Beirut 'Freedoms March' attacked by mob accusing it of backing homosexuality
A demo dubbed “Freedoms March” was attacked and besieged by a mob Saturday in downtown Beirut after it was accused of “promoting homosexuality.”
The attacks against protesters and journalists left several people wounded and the besieged individuals were eventually evacuated in Internal Security Forces armored vehicles after several hours of chaos.
Media reports identified the attackers as members of Islamist groups who came from Tariq al-Jedideh and Beirut’s southern suburbs as well as militants from the hardline Christian group Soldiers of God.
The march had been scheduled to head at 4pm from the Riad al-Solh Square towards the Interior Ministry in Sanayeh.
Videos circulated online showed the attackers beating up some activists and bloodying them up and shouting insults and slurs at others.
The attackers said that they reject “all types and forms of perversion on Beirut’s streets,” calling on the interior minister to immediately ban the march “because we will prevent it from passing through any road in Beirut and will confront the participants.”
The Progressive Socialist Party meanwhile said “the attack on the people in central Beirut is totally condemned and rejected regardless of any consideration.”
“Security forces must arrest the attackers and refer them to the judiciary, seeing as it is their duty to perform their role in preserving freedom,” the PSP added.
A statement recited by one of the march’s organizers said the demo was called “Freedoms March” in protest at “the authorities that are repressing individual, journalistic, syndical and other freedoms.”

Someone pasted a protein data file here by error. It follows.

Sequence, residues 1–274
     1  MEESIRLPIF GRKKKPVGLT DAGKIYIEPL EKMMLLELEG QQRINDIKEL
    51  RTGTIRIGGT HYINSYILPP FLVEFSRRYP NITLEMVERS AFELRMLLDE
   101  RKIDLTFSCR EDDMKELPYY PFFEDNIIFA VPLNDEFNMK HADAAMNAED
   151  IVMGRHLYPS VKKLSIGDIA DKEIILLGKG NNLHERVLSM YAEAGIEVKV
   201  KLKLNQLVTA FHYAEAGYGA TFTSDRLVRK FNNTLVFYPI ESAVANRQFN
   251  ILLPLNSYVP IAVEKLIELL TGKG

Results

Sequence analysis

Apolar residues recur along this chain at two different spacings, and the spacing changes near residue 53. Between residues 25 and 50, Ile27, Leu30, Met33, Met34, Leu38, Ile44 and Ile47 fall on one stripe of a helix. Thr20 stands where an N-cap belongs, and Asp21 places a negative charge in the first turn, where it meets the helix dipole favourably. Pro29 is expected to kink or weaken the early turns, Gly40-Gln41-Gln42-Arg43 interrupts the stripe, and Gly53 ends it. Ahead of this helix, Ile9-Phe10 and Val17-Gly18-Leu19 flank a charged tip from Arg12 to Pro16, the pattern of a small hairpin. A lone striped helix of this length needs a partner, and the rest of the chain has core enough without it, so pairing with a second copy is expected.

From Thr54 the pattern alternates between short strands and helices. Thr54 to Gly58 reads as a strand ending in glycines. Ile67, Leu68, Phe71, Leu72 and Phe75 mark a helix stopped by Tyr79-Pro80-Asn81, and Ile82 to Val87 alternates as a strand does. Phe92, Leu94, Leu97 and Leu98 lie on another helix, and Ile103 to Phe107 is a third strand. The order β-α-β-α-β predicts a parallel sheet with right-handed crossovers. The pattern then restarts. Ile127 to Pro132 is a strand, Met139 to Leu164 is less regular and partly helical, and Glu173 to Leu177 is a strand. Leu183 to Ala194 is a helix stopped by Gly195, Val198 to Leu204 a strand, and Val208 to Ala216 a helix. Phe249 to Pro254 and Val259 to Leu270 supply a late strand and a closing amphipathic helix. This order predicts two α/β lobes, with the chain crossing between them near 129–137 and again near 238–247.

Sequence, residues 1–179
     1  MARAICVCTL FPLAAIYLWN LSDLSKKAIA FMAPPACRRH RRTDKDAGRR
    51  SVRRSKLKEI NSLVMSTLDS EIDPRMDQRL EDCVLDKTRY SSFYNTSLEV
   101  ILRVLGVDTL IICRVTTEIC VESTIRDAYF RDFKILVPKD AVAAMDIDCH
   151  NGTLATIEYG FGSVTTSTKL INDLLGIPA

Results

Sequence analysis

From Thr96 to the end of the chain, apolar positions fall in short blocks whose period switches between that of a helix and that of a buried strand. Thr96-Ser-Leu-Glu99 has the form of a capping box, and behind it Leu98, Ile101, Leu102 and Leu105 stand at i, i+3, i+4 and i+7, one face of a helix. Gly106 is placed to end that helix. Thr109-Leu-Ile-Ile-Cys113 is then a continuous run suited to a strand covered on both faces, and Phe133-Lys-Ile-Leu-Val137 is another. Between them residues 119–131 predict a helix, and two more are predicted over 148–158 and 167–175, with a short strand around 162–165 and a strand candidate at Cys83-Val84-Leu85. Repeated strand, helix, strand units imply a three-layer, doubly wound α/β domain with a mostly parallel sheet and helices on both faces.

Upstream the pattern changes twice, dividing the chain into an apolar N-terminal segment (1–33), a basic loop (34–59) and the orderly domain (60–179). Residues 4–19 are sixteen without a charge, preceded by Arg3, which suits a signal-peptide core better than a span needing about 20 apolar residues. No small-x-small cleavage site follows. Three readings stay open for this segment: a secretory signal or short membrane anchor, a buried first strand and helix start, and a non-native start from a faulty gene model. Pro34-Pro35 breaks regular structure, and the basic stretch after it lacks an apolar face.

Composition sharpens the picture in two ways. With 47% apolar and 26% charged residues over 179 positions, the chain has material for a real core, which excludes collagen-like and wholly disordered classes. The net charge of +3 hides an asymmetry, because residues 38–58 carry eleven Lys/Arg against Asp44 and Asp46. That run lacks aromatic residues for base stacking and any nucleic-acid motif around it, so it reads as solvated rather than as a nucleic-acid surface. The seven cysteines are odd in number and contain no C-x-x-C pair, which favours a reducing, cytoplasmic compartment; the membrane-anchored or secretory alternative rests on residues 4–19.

“It is a reaction against all the repressive stances and the strenuous efforts to muzzle mouths in favor of the hardline trend that does not tolerate intellectual, sexual, gender and political diversity,” the statement said.
Rainbows, school books, movies and drag shows have all been targeted in Lebanon in recent weeks as politicians, religious leaders and vigilante groups step up a campaign against the LGBTQ+ community in a country that has long shown relative tolerance.
In August, several dozen men from the Soldiers of God group trashed a Beirut nightclub hosting a drag show. They beat up several people, driving some patrons to hide in a bathroom.
The education minister also recently banned a game of Chutes and Ladders that was distributed to schools as part of a USAID project because it was decorated with a rainbow, Lebanese media reported. A video circulated online showed a man in the northern city of Tripoli using black paint to cross out a rainbow on the side of a van distributing books.
In early August, caretaker Culture Minister Mohammed Murtada requested for the General Security Directorate to ban the movie "Barbie," saying it "promotes homosexuality and transgenders." The Directorate, however, ruled that the movie is permitted and it eventually started showing in early September.
In a recent meeting, caretaker Prime Minister Najib Mikati, several government ministers and the head of the Maronite Church Cardinal Beshara al-Rahi discussed homosexuality. Afterward, the premier told reporters that "there is unanimity to abide by moral Lebanese and family values."
Sayyed Hassan Nasrallah, the leader of Hezbollah, called in a recent speech for the death penalty on people engaged in same-sex acts, calling homosexuality "a clear and present danger." He accused NGOs of circulating books for school children that promote homosexuality and called for the books to be banned.